Mumbai Diary: Thursday Dossier
The city - sliced, diced and served with a dash of sauce
Who's got the better bod?
A lithe Disha Patani exits a pet store in Khar with a sleek Doberman. Pic/Shadab Khan
All the way from the Philippines
The world is gaga over Asian cuisine, and this is evident in trending food shows on streaming platforms, as well as in prestigious honours like the Asia's 50 Best Restaurants recognising newcomers. This year, Jordy Navarra's restaurant Toyo Eatery, debuted on the list, so it is exciting when we hear that the Filipino chef is coming to town mid-month.
Jordy Navarra and Prateek Sadhu
Speaking about the collaboration, Prateek Sadhu, known for bringing down acclaimed international chefs to Mumbai, told this diarist, "Chef Navarra and I have been talking about cooking in the city for a year now. He and I share similar food philosophies of championing the ingredients as the star of the meal. It will be interesting to see his interpretation of unusual Indian ingredients."
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Taking a dig at the aam aadmi
Akshay Kumar's, ahem, "apolitical interview" with Prime Minister Narendra Modi in which the actor is dressed like a two-in-one ice cream went viral after it was aired recently. But in some circles, it also became the butt of all jokes given seemingly irrelevant questions like, "Kya aap aam khaate hai?" Now, comedian Shyam Rangeela has released a hilarious new video in which he mimics Modi and Vikalp Mehta does a remarkable job of impersonating Kumar.
The two poke fun at different sections of the original interview. Sample this. Mehta asks Rangeela whether he has kulfi, to which the latter replies saying that he enjoys having kulfi so much that he sucks on it all the way to the "danda" in the centre, adding that he's been saving those "dandas" since childhood and if you want to know where they are right now, it's best to ask the Congress.
All that jazz
The morning after the city celebrated International Jazz Day, Mumbai-based pianist Anurag Naidu put up a long post on social media where he talks about life as a jazz musician in the city, where "jazz is just another thing you end up doing". "The genre splits into many things for different people. For some, it's nostalgia, while youngsters want a mix of hip-hop, RnB or gospel in it, which I'm a fan of because that's the sound prevalent right now. And jazz anyway is a living thing that keeps evolving," he tells this diarist.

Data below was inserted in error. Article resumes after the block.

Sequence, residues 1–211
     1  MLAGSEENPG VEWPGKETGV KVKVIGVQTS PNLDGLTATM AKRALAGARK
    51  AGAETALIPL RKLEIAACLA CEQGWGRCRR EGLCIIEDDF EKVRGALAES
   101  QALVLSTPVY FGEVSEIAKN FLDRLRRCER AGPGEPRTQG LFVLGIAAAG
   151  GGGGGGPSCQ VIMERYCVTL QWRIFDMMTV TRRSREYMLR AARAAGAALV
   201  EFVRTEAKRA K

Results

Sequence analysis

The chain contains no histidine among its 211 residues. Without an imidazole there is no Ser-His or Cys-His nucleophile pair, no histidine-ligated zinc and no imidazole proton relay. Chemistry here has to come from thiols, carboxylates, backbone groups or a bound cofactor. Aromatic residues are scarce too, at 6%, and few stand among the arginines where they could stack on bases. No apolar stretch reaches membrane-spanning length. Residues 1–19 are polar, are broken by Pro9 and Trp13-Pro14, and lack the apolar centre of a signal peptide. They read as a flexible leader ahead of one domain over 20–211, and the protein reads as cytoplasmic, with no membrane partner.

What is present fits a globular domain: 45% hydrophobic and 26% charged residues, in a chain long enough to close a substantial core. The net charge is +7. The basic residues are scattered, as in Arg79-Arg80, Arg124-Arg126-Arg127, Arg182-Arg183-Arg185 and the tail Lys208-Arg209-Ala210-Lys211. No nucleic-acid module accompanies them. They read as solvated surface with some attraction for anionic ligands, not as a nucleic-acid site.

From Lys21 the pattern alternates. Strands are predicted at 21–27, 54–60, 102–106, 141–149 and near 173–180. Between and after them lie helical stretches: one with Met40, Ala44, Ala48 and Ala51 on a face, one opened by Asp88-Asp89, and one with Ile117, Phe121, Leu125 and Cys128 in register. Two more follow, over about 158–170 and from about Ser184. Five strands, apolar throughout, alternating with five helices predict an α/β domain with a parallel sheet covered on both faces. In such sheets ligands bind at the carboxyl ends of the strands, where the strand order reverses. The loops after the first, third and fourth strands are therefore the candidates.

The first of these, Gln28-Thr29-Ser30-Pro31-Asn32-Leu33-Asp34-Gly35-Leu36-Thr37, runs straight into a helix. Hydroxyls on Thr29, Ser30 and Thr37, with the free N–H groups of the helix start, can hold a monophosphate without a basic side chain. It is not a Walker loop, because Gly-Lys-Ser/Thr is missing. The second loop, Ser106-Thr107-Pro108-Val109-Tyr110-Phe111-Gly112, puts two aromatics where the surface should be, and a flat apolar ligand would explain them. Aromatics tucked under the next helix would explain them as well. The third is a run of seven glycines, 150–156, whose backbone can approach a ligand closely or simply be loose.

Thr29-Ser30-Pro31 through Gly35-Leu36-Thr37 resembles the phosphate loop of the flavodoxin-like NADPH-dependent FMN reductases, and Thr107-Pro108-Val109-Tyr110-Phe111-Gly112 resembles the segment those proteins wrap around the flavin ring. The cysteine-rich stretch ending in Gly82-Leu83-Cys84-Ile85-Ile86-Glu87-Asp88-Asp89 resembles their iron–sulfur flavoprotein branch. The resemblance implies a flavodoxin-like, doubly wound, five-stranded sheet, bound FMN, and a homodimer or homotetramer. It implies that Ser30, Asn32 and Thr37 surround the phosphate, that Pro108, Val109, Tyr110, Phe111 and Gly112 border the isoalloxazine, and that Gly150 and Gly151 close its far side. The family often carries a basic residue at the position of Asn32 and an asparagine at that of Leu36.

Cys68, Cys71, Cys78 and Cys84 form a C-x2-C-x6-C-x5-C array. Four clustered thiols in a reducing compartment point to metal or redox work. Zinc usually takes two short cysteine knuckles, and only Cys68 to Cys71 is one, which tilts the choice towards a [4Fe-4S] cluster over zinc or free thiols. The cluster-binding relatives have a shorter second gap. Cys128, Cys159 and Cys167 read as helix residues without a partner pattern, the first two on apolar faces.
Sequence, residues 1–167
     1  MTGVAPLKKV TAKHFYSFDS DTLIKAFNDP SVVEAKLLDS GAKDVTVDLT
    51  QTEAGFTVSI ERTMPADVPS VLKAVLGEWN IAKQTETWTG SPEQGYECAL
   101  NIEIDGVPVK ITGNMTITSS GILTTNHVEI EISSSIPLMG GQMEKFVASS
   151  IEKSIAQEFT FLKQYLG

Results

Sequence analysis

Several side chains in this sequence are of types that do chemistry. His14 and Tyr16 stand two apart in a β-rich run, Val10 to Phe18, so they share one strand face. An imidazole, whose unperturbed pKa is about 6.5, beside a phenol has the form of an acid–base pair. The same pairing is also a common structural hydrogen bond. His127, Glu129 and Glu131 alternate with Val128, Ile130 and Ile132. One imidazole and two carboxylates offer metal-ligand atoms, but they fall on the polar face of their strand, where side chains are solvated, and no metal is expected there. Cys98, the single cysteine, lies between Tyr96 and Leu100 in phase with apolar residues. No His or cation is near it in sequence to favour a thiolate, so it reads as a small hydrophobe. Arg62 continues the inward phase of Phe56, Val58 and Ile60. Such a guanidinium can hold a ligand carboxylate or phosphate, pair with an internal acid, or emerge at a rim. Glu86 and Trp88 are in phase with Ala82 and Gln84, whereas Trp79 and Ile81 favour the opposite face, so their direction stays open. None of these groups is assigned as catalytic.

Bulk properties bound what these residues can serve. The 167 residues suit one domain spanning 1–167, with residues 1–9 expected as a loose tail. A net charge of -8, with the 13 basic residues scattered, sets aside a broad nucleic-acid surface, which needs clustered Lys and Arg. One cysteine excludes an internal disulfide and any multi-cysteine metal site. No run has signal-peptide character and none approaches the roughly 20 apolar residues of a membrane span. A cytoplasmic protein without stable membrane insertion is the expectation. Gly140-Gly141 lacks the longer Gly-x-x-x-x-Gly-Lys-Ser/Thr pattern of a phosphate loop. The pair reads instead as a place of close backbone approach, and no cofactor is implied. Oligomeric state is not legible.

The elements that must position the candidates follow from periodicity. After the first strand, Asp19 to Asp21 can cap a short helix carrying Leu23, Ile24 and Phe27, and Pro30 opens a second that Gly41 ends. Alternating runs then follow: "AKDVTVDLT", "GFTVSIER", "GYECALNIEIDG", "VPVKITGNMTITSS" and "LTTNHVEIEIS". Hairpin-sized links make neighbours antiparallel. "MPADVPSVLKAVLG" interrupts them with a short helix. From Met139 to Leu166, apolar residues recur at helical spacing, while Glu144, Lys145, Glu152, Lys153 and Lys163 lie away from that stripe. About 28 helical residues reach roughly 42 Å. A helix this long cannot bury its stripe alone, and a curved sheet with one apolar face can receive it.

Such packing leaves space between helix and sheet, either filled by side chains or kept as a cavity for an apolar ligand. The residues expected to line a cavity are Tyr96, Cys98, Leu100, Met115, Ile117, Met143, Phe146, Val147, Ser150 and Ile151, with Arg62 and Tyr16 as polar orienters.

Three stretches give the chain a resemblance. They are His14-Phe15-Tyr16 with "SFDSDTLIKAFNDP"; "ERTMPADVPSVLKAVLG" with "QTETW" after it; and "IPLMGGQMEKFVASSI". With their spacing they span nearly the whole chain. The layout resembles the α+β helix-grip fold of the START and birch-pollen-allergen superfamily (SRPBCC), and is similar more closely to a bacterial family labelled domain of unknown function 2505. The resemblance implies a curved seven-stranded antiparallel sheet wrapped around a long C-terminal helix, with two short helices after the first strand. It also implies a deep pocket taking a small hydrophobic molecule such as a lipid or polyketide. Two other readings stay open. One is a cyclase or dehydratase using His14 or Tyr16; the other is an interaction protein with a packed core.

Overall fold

But being an Indian musician playing jazz can also be quite complex, primarily because we aren't well-versed with the history of the genre, and educating oneself in it can be expensive, Naidu says. Another interesting point he brought up in his post is how trying to let your Indian roots reflect in the genre doesn't always receive a warm response. "As much as the indie scene will love you for sounding fresh, you won't be accepted as 'jazz' by all the people sitting on influential positions until the vocabulary and spirit is coming from that spot," he writes.
Shame, in translation
Taslima Nasreen's 1993 novel Lajja, albeit a bestseller, received backlash from fundamentalists that ultimately led her to flee Bangladesh the following year. The novel told the story of the injustices a Hindu family faced in Bangladesh, and has been translated into many languages. But little is known about its sequel titled Shameless, which recently got a Hindi translation. Now, the book will be translated into English from Bengali by Arunava Sinha and will be published by HarperCollins in January next year.
"Readers of Lajja might have felt that the experience of religious persecution was something that happened only in Bangladesh; with Shameless you will have to confront the fact that the horrors of communal tension and violence are just as prevalent in India as they are elsewhere in the subcontinent," Nasreen said.
The Thalaiva's tryst with SoBo
Since the time Rajnikanth has set foot in the sweltering Mumbai to shoot for his next film Darbar, photographers have been on their toes to track down the elusive superstar, who has been spotted across the city from Bandra to Powai.
Now, a little bird tell this diarist that the actor has kept his base in the city at a SoBo college known for giving its beautiful, gothic interiors on hire on Sundays and summer vacations. A massive set has come up in its premises, where the actor walks in every day, shooting for hours on end, but not before greeting everyone whom he meets on campus graciously.
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